Horses weren't always domesticated. In fact, they once roamed free, evolving on a diet of grass, tree bark and other forage found on the nutrient-rich grasslands that were their native habitat. This diet was high in antioxidants and omega-3 fatty acids. As horses became more domesticated, well-intending owners shifted the equine diet to an approach that fit the parameters of feeding a more confined animal. This more modern diet often includes grains, concentrates and cut hay, and provides a higher level of pro-inflammatory omega-6 fatty acids and free radicals than the horse was designed to consume.
You’ve heard the adage, “you are what you eat.” Like many things, it may be old, but it’s wise and continues to hold true. Since horses are unable to synthesize crucial omega-3 fatty acids within their own bodies, they rely on their diet to provide these and other essential nutrients. This makes the ratio of omega-3 fatty acids to omega-6 fatty acids in your horse’s diet of paramount importance.
Equally as vital are the antioxidants present in your horse’s body. Known as the quiet warriors, antioxidants are responsible for fighting off damaging free radicals and protecting cells. Free radicals can be caused by everyday interactions with things as common as dust, environmental pollutants and intense exercise. Cellular health may not often be top of mind when considering your horse’s longterm well-being, but in actuality your horse is a walking compilation of trillions of cells. If the cells are healthy, the horse’s health typically follows suit. Antioxidants come into play in virtually every aspect of a horse’s health, including the joints. Providing your horse with supplemental antioxidants helps support the body’s natural defenses against free radicals since it takes one antioxidant molecule to combat every one free radical.
High quality forage is the foundation of the best feeding programs, but the challenge lies in creating a complete diet with hay alone while feeding only a moderate to minimal amount of grains and concentrates, if any at all. The importance of a more natural diet cannot be underestimated. Starting with the right hay is crucial, but realizing exactly what your hay is providing — and what it’s not — is equally as lofty. For instance, the level of omega-3 fatty acids and antioxidants in fresh, still growing alfalfa is 38-40% higher than the same alfalfa just 6 weeks post-harvest. With nutrient rates diminishing over time in even the highest quality hay, the bailed hay we feed our horses stops short of delivering all of the necessary nutrients a horse needs to function at their best, making supplementation an excellent choice. This nutrient gap is one of the primary reasons Platinum Performance® Equine was developed to provide a healthy source omega-3 fatty acids and antioxidants, along with the trace minerals and vitamins that have diminished in hay over time. By combining a forage base with the right supplementation, a feeding program can be made not only simple but ultimately effective, well rounded and complete.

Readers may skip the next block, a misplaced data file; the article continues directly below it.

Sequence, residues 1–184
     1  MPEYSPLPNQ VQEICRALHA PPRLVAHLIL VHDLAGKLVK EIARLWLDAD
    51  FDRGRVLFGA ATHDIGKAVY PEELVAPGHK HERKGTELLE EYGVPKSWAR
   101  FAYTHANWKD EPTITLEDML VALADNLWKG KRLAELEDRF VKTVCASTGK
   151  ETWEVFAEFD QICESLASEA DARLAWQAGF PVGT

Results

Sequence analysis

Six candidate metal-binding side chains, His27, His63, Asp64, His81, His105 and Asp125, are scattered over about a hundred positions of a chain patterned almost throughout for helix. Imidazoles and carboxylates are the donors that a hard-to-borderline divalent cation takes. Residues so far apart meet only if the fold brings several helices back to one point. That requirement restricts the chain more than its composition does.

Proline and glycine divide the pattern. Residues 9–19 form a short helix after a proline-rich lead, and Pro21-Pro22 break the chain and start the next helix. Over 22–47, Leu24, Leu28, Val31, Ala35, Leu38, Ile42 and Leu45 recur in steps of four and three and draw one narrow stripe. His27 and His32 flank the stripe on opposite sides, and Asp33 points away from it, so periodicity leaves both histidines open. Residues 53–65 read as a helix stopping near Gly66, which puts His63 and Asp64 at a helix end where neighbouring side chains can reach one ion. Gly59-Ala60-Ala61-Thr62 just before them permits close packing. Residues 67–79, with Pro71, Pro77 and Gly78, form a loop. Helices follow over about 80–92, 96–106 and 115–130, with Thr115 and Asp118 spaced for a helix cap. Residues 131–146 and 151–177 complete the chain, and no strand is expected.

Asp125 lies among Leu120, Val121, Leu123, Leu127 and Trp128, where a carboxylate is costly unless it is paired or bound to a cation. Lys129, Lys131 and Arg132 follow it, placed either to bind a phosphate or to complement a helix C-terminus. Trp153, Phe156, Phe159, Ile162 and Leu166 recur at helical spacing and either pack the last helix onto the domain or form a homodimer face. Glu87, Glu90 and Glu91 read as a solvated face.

Supplementing horses on a forage-based diet, or those that are being fed moderate grains or concentrates, can complete the picture and help horses to more efficiently process calories and maintain an ideal weight. This approach was tested at the University of California at Davis, where researchers studied eight horses fed a diet of oat and alfalfa hay. Each of the eight horses then had their hay reduced, replacing it with Platinum Performance® Equine and creating a diet of equal caloric value to their former hay diets. After 11 weeks of supplementation, 87.5% of horses gained weight on the diet of hay and Platinum Performance® Equine without a significant increase in energy consumption. The studied horses were able to maintain weight due to their consumption of nutrient-dense calories from Platinum Performance® Equine working in conjunction with their hay diet.
Nathaniel A. White, DVM; Marion
duPont Scott Equine Medical Center, 2006
Summary: Low grain consumption can play a role in decreasing the rate of equine colic. Horses that consumed higher amounts of grains and concentrates had increased odds of experiencing a colic episode.
Results: A horse’s odds of colic increased from less that 1 with a diet that included no grain, to over 4 with a diet that included 2.5-5.0kg of grain. When a horse’s diet included >5.0kg of grain, their odds of colic increased to over 6.
University of California, Davis, 2009
Summary: Studies performed by researchers at the University of California at Davis compared the allergic responses in horses before and after supplementation with omega-3 fatty acids, vitamins and trace minerals when exposed to common allergens.
Results: Allergic responses were evaluated before and after 11 weeks of supplementation. There was as much as a 50% reduction in allergic response to some antigens.
Colorado State University, 2008
Summary: Researchers at CSU's Equine Reproduction Lab studied mares, ranging from 6 to 25 years old (average = 20), most of which with histories of suboptimal fertility. Eggs were harvested from the mares and implanted into recipients, either as fertilized eggs (embryos) or as unfertilized eggs, after which the recipient mare was inseminated. Pregnancy rates were approximately 23% per transfer initially.
Results: At the start of the study, the mares consumed a hay diet supplemented with a commercial complete feed. Mares were then fed a mostly hay diet supplemented with Platinum Performance® Equine for 8 to 16 weeks. Eggs were once again harvested from supplemented mares and transferred to recipient mares. This time the pregnancy rates in the recipient mares significantly increased to 51%, which was a 129% increase.
by Jessie Bengoa,